Year of Award


Document Type


Degree Type

Doctor of Education (EdD)

Degree Name

Educational Leadership

Department or School/College

College of Education and Human Sciences

Committee Chair

William P. McCaw

Commitee Members

Daniel Lee, Patty Kero, John Matt, Ryan R. Schrenk


University of Montana


Leaders remain perpetually connected to their work because of the rapid advancement of information technology. This research, using a qualitative approach, explored how increased connective technology is affecting school leaders with the central question: How is hyperconnectivity experienced by school leaders? Using personal interviews, the lived experiences of fifteen international middle and high school principals with one-to-one student-to-device programs were collected. Raw transcriptions of their experiences were analyzed using the descriptive phenomenological approach as outlined by Giorgi (2009). This approach allowed for the data to be reduced into a single narrative description shared by all participants indicating the essences of their lived experience as hyperconnected school leaders.

This shared narrative highlighted complex and paradoxical experiences associated with how these school leaders interact with technology. Their experiences indicated that work-life balance for hyperconnected leaders required strong personal boundaries and skillful use of connective technologies. Examples of effective leader development of self and community highlighted, paradoxically, the need to unplug to effectively deploy connected technology within their leadership practice. Conversely, this study also showed how leaders can be controlled by connectivity. They associated their roles as responsible school leaders with perpetual connectivity; in consequence, they fused their work and home lives, experienced increased stress, and struggled with work overload. These results imply that international school principals are impacted by increased connectivity in different ways. Findings from this study indicate those leading hyperconnected schools must pay attention to how connectivity is affecting themselves and members of their school communities. Principals must protect themselves from the increasing demands upon their attention that constant connectivity presents in order to make mental room for the self-reflection and creativity needed to provide novel solutions and approaches towards their leadership work.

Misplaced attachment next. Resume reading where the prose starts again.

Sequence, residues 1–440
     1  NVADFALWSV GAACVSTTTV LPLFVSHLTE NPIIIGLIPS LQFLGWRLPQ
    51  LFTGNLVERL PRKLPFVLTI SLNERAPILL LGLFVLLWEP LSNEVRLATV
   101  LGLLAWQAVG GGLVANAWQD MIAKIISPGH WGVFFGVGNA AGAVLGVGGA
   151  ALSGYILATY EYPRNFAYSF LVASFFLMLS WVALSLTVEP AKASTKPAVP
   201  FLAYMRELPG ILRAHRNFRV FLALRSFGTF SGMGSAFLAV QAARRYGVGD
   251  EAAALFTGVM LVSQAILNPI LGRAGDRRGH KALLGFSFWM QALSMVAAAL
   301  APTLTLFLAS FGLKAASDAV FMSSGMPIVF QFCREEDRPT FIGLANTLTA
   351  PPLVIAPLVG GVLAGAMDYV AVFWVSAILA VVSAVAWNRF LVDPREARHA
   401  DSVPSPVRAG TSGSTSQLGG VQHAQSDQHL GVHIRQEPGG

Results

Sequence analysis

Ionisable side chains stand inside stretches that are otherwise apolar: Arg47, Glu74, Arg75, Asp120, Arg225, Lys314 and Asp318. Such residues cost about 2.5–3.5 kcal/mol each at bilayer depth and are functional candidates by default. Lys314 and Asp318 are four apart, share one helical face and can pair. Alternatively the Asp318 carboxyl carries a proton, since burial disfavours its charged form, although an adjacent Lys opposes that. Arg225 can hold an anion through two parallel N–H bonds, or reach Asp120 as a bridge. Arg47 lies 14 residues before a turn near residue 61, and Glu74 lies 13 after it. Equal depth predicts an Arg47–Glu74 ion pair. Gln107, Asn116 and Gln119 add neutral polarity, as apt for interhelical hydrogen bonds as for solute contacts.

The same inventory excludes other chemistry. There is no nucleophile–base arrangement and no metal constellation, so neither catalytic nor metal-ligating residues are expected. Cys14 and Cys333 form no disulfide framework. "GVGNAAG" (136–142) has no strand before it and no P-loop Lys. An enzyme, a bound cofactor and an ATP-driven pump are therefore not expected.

© Copyright 2016 Elizabeth Sue Wargo